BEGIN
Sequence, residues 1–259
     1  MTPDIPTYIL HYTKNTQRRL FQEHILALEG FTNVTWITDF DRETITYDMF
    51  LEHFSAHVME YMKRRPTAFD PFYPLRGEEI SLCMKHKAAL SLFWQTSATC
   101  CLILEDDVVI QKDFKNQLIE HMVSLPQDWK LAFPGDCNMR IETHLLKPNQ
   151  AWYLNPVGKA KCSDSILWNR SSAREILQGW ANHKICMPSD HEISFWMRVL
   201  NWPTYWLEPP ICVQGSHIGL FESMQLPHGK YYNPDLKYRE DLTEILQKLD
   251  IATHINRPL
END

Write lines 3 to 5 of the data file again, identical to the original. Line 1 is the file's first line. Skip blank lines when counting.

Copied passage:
    51  LEHFSAHVME YMKRRPTAFD PFYPLRGEEI SLCMKHKAAL SLFWQTSATC
   101  CLILEDDVVI QKDFKNQLIE HMVSLPQDWK LAFPGDCNMR IETHLLKPNQ
   151  AWYLNPVGKA KCSDSILWNR SSAREILQGW ANHKICMPSD HEISFWMRVL